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Army leadership skills play crucial part in NHS role

Sharon Penhale in her uniform

The response to many of the challenges faced throughout the last 18 months saw leadership and team work play crucial elements in many NHS roles.

But for Swansea Bay appraisal and revalidation manager Sharon Penhale, those skills had become second nature long before the pandemic arrived after spending the last nine years serving in the Army Reserves.

Sharon is a Lance Corporal with 203 (Welsh) Field Hospital, which is one of 10 Army Reserve field hospitals and provides up to 200 beds when fully manned.

The field hospital recruits solely from within the boundaries of Wales.

“I’m with the medical unit in a non-clinical role, which has links to my NHS role in a non-clinical capacity, which helps to have an understanding of the medical unit,” Sharon, pictured above, said.

“I’m attached to 203 (Welsh) Field Hospital as an AGC SPS (Adjutant General’s Core, Staff and Personnel Support).

“It’s a bit like a human resources role where I oversee staff and I make sure they’ve got the information they need on their personal records.

“I’m attached to the medical unit but I can be deployed in any capacity to support other units. I could be deployed anywhere to support infantry if necessary – it wouldn’t just be linked to the medical unit where I am now.”

Sharon Penhale in her uniform

During her time with the Reserves, Sharon has taken part in countless training exercises and courses that have seen her bring valuable skills back to her day job.

As well as gaining confidence and resilience, she has even progressed into her current role as a manager, which she puts down to her Army experiences.

Sharon, pictured left, added: “It has certainly helped to build my confidence in my career working in the Executive Medical Director’s team.

“My experience has helped me obtain my management role. Prior to that I was a support officer to the appraisal and revalidation manager and prior to that a personal assistant in the Medical Director’s department.

“You have to give presentations in the Army which has helped me with that skill in my NHS role as I have to provide training to doctors.

“I think the Reserves has definitely pushed me out of my comfort zone. Being put in difficult situations has helped me to improve and develop as a person, as well as in my career.

“It is challenging but I think it’s good to be out of your comfort zone sometimes. That’s what the Army Reserves offers and it instils a lot of resilience in you as well.”

Sharon recently took part in a two-week adventure training camp in Caerwent, in Monmouthshire, which saw those attending staying in a field and taking part in team building activities.

The annual event acts as a way of putting skills and knowledge learned throughout the year into practice through a variety of exercises.

“The two week camp always involves adventure training which included coastal walking, mountain biking, gorge walking which included team building exercises, and rock climbing,” Sharon said.

“We stayed for five nights in the field. Initially we were inside a hangar and all slept on camp cots where there was no shower or electricity.

“We were doing build-up training where we were refreshing our skills on how to work as a section before doing a final platoon attack, which was at night.

“There are certain criteria in the Reserves where you have to complete 27 days which includes an annual camp, as well as mandatory learning.”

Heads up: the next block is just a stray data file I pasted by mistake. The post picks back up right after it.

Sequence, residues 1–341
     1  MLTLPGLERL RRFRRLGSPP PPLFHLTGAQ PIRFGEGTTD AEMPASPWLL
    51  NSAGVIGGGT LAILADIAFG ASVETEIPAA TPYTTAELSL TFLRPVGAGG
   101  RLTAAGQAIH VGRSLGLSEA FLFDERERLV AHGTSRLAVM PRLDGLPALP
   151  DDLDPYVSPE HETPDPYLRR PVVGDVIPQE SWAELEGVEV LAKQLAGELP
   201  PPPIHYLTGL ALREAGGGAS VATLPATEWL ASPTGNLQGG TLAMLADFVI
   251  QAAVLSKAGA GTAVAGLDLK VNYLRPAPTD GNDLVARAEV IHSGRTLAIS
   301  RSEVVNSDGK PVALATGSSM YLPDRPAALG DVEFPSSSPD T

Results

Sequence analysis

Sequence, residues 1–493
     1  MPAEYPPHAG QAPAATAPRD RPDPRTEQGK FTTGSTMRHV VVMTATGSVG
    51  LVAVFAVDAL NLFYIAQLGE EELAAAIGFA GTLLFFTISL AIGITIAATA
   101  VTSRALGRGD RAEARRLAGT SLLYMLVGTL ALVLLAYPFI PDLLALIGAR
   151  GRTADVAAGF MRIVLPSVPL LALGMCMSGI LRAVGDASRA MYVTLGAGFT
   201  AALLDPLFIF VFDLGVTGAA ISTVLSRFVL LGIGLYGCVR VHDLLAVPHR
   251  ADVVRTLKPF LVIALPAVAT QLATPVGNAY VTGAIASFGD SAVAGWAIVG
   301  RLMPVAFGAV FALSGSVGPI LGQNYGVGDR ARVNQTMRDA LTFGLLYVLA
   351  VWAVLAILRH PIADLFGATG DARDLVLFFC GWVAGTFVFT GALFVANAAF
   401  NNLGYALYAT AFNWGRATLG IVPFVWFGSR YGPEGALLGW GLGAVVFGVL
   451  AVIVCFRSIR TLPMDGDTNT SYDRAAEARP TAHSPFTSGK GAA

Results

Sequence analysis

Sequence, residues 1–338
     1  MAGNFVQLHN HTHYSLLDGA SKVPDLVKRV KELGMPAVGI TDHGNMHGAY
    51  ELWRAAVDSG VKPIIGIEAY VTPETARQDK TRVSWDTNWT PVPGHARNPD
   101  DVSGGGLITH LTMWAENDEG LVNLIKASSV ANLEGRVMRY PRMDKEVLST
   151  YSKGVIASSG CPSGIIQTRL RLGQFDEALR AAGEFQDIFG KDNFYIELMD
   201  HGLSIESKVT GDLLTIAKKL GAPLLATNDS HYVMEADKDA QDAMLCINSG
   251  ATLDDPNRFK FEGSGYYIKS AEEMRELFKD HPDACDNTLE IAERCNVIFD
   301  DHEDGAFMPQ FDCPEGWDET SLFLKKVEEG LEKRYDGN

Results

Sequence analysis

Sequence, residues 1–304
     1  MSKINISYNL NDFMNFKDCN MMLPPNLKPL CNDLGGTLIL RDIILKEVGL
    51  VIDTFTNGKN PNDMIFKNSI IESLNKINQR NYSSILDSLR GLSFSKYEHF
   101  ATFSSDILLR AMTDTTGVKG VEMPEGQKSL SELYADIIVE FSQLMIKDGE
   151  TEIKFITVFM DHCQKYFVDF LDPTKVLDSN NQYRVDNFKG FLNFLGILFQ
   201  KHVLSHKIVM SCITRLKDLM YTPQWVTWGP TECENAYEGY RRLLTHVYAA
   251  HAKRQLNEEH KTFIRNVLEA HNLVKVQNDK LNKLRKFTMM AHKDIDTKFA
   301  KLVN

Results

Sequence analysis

Sharon aims to further progress her Army career by becoming a corporal and ultimately hopes to experience a deployment.

She believes the similar values shared by the Army and NHS meant they were able to work well together at a difficult period during the pandemic.

A training exercise during the two week camp

Pictured: A training exercise during the two week camp

Sharon said: “Eventually I would like to experience deployment, whether that’s something in the UK or overseas because there are lots of opportunities available during Covid, for example, supporting vaccination centres.

“The last 18 months goes to show how the leadership in the Army has helped to drive and help health boards set up field hospitals. Those skills have been brought into the NHS and showcase what the military can do in a short turnaround.

“Hopefully when I have the opportunity to undertake my corporal’s course, this will incorporate leadership within the course which I can bring back to the NHS.

“It’s completely helped me grow, as well as benefited my career.

“If anyone is thinking about joining they should look at opportunities available and join the Army Reserves. It opens up doors and opportunities for you which help you progress in your career and personal development.”

Alastair Roeves, Interim Deputy Medical Director at SBUHB, said: “The benefits to the health board from Sharon’s commitment to armed services are many.

“Although her training takes her away from her desk job, she returns to Swansea Bay with increased confidence in people management and problem solving. These are critical skills for transforming and improving services for our staff and the population we serve.

“It is also good to see and hear how much she enjoys this army role.”

Colonel Simon Lawrence, commanding officer 203 (Welsh) Field Hospital, said the skills and experiences gained as an Army Reserve are career enhancing.

“The relationship of employing reservists in the workplace are beneficial to civilian employers, the Army Reserves and the individual,” he said.

“The skills and experiences offered by the Reserves are tangible, effective and career enhancing.

“This results in committed, experienced employees who can take civilian qualifications to the Army Reserves to fulfil their military role and bring military experiences to the civilian workplace.”

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